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In Greek Mythology, Who Was Diomedes?

In Greek mythology, Diomedes was a legendary king of Argos and a formidable warrior in the Trojan War. Renowned for his valor and strategic acumen, he even wounded two Olympian gods, showcasing his extraordinary prowess. His tales of bravery and skill continue to captivate us. What could drive a mortal to confront the divine? Join us as we delve into his epic story.
Mary McMahon
Mary McMahon
Mary McMahon
Mary McMahon

Several people in Greek mythology were named Diomedes. The most famous Diomedes was a hero of the Trojan war who later went on to found several cities in Italy. A lesser known Diomedes was a giant who lived on the shores of the Black Sea with his four man-eating mares; these vicious horses were captured by Hercules as part of his 12 labors. Several other Diomedes can be found rattling around in various Greek tales, confusing the matter even further.

The Trojan war hero Diomedes was the king of Argos and a famous warrior. In addition to being very skilled on the battlefield, this Diomedes also enjoyed the favor of Athena, who supplied him with advice, weapons, and good fortune on the battlefield. His role in the Trojan War varies, depending on the story, but he is generally portrayed as a major player in the conflict, and in some cases he even accompanies the warriors inside the Trojan horse.

A sculpture of Hercules, who fed Diomedes to his horses.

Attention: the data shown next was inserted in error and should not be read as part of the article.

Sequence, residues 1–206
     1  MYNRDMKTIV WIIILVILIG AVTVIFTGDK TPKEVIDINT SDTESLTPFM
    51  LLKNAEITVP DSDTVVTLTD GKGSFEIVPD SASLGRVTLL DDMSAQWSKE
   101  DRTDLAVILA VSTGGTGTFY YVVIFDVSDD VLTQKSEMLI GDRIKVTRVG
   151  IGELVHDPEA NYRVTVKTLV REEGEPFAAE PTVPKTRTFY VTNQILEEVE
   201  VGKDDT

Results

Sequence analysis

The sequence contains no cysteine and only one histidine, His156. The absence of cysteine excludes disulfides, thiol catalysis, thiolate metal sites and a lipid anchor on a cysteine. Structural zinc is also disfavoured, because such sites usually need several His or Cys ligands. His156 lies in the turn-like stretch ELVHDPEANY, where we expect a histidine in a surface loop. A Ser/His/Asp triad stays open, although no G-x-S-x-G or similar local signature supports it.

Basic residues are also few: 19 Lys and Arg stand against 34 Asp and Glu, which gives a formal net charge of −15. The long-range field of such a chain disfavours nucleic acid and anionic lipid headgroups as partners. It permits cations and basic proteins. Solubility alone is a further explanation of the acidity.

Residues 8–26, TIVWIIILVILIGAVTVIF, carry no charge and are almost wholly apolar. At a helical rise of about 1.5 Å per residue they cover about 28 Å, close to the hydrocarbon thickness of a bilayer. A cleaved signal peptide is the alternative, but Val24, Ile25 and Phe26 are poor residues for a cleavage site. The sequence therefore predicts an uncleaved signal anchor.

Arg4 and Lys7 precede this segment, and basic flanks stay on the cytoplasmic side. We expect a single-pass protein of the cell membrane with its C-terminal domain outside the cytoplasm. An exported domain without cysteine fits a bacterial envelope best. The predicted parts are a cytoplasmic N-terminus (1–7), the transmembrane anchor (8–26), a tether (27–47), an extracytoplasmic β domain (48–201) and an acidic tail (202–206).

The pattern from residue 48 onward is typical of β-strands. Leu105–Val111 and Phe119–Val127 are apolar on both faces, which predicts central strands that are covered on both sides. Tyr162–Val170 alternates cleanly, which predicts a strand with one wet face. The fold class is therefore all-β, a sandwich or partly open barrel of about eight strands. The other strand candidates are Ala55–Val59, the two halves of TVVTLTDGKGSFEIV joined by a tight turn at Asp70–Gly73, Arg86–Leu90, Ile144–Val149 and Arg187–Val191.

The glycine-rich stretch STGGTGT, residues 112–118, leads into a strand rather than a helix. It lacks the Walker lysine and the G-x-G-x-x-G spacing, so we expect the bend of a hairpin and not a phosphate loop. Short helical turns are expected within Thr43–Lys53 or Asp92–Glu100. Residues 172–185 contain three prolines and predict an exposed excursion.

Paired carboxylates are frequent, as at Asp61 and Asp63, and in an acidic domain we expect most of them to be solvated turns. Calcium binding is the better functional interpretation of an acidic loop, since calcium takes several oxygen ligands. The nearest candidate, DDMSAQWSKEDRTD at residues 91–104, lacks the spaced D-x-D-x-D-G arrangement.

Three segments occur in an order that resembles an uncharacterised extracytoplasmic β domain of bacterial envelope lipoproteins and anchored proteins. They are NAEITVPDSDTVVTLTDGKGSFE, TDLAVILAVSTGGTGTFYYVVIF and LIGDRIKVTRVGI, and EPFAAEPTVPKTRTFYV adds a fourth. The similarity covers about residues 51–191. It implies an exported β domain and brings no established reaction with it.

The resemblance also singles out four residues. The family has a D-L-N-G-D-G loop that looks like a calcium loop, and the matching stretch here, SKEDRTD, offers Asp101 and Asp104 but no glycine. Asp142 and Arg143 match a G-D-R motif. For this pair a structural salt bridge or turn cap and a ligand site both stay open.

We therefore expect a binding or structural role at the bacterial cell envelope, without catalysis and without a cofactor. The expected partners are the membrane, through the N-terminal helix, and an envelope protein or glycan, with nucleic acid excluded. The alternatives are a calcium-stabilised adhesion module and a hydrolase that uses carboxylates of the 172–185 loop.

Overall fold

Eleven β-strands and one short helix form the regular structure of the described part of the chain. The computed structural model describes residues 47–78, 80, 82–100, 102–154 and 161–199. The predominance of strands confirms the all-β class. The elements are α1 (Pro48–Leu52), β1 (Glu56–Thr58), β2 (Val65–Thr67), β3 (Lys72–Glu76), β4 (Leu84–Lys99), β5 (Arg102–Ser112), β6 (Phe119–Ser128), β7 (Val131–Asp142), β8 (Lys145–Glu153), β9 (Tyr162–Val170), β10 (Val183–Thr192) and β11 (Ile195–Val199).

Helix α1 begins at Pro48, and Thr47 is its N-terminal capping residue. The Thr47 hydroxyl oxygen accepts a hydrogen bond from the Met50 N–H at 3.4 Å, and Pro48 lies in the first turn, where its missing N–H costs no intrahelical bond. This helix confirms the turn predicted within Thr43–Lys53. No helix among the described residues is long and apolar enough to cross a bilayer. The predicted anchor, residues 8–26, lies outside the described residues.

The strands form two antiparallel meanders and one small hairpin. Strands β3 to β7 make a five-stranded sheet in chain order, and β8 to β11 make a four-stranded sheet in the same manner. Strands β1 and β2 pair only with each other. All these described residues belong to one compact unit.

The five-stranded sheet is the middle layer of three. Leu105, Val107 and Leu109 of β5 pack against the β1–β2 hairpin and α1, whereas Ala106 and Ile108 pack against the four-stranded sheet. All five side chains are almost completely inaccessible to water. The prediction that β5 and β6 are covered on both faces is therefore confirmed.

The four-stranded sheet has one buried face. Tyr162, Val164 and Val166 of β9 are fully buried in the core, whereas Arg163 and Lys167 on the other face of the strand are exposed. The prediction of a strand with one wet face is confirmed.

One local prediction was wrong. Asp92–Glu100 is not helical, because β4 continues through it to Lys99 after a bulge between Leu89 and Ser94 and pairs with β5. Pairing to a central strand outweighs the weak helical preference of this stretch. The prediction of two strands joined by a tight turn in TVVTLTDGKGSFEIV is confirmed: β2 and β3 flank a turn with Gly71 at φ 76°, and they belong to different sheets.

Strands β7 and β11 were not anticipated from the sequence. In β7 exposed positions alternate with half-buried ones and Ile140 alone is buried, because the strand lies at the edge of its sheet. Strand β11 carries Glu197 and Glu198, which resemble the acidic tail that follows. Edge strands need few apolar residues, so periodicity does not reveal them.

A sculpture of Hercules, who fed Diomedes to his horses.

Unfortunately for Diomedes, it appears that he was away from home too long, since upon his return to Argos he found that his wife has been unfaithful to him and he had been supplanted as king. Diomedes ended up moving to Italy, where he allegedly founded several cities and was ultimately granted the gift of immortality by Athena upon his death. In some stories, Diomedes is treated as a minor god, along with other mortals who have been given immortality by the gods.

The Diomedes with the man-eating mares was the king of Thrace, and the son of Ares and a nymph. Most stories describe this Diomedes as a giant who ruled over a tribe of warriors, and he was ultimately fed to his infamous horses by Hercules. The ultimate fate of the mares is a subject for debate, as some stories about the labors of Hercules describe them as being tamed and allowed to roam free, while others state that they were sent to Zeus as a sacrifice.

Given the very different lives and natures of these two Diomedes, it is usually easy to figure out which one is under discussion from the context. However, there are other Diomedes, such as a Trojan prince and a mistress of Achilles, who is usually known as Diomede, rather than Diomedes. Incidentally, the name “Diomedes” means “of godly counsel,” and the name is not uncommon in Modern Greece as well.

Mary McMahon
Mary McMahon

Ever since she began contributing to the site several years ago, Mary has embraced the exciting challenge of being a LanguageHumanities researcher and writer. Mary has a liberal arts degree from Goddard College and spends her free time reading, cooking, and exploring the great outdoors.

Learn more...
Mary McMahon
Mary McMahon

Ever since she began contributing to the site several years ago, Mary has embraced the exciting challenge of being a LanguageHumanities researcher and writer. Mary has a liberal arts degree from Goddard College and spends her free time reading, cooking, and exploring the great outdoors.

Learn more...

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    • A sculpture of Hercules, who fed Diomedes to his horses.
      By: carpathian
      A sculpture of Hercules, who fed Diomedes to his horses.